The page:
- You’ll find past posted notes here if you’re looking for them, but you’ll also have to scroll through some animation art to get to them.
- When Disney released 20,000 Leagues Under the Sea, there was a curious and opportune time for some cross promotion with Disney doing a “Tomorrowland” show for his Disneyland program. Our Friend the Atom talks about atomic energy driving the Nautilus submarine in the Jules Verne film that Disney was pushing. (Of course, Verne wrote of an “electric ship,” but Disney in the mid-fifties had to be thinking nuclear.)
Ham Luske directed the
show, and I have to say some of the animation is spectacular. I really love the look of this stuff. I feel like the representation of the Genie is magnificent. There’s a feeling that they capture which really invokes the Arabian Nights figure that I read. (I was a bit turned off by the WB feel of the Robin Williams Genie in Aladdin, though I am in awe with what Eric Goldberg did with it. I guess I’m too much of a purist with some of these folk/fairy tales.)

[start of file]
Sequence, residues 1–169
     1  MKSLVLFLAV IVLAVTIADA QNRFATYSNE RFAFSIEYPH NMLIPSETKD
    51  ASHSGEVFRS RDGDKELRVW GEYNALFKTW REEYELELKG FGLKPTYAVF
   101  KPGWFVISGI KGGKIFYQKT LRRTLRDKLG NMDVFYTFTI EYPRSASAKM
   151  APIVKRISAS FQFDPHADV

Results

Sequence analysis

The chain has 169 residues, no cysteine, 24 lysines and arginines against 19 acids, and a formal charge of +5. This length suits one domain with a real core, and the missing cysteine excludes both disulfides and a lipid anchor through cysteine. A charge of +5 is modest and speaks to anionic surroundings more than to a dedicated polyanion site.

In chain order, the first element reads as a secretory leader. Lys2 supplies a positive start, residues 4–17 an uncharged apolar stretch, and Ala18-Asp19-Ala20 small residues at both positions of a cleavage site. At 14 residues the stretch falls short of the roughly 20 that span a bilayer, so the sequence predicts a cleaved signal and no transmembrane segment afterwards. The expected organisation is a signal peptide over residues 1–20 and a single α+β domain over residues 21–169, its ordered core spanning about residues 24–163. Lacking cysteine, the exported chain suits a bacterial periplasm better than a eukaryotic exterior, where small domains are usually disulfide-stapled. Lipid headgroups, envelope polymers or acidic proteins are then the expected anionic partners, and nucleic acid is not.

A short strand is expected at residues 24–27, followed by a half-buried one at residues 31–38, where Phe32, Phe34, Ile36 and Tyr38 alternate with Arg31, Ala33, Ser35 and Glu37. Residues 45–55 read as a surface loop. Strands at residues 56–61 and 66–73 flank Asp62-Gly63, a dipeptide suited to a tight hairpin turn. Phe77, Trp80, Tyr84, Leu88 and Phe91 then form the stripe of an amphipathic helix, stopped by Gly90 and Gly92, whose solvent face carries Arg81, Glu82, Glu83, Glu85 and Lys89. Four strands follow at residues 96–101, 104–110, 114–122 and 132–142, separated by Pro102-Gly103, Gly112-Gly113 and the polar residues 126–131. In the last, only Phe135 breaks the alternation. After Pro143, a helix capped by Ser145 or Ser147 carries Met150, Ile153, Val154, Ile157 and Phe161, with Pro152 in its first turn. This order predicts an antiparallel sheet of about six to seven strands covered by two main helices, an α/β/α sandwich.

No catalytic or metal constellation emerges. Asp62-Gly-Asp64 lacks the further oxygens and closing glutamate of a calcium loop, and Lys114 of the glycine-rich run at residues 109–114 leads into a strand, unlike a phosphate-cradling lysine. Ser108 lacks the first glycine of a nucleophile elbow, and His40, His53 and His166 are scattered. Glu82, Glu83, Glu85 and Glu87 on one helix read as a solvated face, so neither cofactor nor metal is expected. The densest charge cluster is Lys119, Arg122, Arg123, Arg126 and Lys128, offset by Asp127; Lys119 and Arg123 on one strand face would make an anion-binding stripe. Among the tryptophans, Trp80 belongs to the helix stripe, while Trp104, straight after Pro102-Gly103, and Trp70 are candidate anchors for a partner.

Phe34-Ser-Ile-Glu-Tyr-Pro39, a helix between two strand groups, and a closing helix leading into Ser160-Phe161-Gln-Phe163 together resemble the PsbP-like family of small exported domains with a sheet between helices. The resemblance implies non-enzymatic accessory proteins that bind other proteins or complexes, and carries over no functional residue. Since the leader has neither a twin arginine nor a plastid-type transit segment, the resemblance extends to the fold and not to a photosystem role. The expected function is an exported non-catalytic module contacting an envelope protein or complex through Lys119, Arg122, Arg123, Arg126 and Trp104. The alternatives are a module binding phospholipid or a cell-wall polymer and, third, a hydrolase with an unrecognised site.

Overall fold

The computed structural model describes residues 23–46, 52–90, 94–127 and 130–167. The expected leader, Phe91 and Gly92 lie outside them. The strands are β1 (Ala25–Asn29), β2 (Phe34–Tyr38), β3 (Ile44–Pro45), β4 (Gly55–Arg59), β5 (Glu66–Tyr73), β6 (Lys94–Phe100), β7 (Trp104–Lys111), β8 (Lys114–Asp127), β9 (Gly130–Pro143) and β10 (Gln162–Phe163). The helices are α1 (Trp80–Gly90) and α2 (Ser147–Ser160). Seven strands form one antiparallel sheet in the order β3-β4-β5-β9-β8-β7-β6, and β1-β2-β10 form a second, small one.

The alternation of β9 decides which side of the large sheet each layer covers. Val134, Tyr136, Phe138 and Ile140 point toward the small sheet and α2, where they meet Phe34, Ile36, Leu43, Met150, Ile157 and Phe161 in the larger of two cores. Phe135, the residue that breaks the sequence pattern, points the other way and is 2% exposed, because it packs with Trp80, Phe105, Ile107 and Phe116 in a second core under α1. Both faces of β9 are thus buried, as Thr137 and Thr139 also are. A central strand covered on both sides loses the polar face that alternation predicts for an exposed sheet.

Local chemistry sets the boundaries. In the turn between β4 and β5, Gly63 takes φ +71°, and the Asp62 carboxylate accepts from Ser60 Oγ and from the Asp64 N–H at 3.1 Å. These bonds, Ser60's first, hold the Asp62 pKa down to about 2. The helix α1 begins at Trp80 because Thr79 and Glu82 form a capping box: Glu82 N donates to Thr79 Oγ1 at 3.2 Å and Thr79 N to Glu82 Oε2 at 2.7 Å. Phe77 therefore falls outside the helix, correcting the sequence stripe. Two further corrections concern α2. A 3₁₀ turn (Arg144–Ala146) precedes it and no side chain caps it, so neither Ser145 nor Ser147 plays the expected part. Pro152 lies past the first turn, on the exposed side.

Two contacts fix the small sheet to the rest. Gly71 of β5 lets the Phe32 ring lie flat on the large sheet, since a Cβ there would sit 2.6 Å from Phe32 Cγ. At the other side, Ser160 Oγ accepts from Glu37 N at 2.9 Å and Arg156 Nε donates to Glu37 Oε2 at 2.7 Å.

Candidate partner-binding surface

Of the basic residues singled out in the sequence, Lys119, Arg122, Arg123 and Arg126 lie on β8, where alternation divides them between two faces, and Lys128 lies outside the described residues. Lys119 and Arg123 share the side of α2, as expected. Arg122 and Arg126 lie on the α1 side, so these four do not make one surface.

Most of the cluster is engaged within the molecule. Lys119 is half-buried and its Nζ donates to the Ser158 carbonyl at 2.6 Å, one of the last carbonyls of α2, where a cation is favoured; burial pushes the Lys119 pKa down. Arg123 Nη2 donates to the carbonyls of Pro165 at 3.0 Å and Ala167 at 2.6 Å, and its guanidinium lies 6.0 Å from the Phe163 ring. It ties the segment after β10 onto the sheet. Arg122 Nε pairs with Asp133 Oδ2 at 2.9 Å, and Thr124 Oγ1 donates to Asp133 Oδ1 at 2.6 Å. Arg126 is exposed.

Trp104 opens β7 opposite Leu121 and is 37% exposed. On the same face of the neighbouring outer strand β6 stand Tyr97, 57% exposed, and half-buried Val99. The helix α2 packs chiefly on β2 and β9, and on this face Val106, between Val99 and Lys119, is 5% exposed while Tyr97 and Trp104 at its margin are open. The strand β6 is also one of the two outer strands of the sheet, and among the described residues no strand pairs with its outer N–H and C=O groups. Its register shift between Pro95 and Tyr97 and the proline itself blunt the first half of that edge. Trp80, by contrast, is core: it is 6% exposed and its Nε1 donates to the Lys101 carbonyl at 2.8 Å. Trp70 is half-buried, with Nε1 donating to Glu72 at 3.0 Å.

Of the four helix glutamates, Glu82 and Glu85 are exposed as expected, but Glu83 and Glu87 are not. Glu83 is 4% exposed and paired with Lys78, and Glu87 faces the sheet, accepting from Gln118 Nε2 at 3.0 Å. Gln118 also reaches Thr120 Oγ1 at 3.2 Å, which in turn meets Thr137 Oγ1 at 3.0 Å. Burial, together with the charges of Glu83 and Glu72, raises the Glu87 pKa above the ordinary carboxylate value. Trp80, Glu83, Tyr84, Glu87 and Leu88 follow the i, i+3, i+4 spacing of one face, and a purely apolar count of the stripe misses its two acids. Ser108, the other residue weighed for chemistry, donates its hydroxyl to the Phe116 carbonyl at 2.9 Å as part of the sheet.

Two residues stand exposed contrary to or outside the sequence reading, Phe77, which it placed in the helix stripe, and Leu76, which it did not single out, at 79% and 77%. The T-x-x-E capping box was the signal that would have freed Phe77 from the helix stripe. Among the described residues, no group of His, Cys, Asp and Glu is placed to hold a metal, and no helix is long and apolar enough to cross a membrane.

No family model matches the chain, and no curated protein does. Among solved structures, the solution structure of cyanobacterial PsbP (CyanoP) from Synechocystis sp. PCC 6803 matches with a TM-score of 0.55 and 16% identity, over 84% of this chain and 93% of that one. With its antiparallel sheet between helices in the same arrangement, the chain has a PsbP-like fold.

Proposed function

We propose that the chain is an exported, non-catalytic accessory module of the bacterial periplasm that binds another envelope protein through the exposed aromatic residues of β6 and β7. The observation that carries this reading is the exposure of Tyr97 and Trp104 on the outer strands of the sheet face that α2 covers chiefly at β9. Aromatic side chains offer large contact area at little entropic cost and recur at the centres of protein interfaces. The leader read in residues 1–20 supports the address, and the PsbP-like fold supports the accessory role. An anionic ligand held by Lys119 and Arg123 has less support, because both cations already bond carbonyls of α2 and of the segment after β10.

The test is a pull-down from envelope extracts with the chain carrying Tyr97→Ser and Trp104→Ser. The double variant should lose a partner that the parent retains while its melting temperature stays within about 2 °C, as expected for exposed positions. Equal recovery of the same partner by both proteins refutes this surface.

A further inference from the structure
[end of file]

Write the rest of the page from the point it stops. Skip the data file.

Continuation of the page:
I had always given Ward Kimball credit for the show until looking at it again. Whereas all the shows Kimball did had a light approach toward the science, trying to make it as much fun as possible, Our Friend the Atom is dead serious with very little humor underneath it. Somehow, I loved this show more and was very impressed with the strength of that Genie.
I’ve taken some frame grabs of the first segment to give an idea of it. The show is available in one of those Walt Disney Treasures – Tomorrow Land: Disney in Space and Beyond
The program then goes into the history of the discovery of radiation and the atom and control of atomic energy.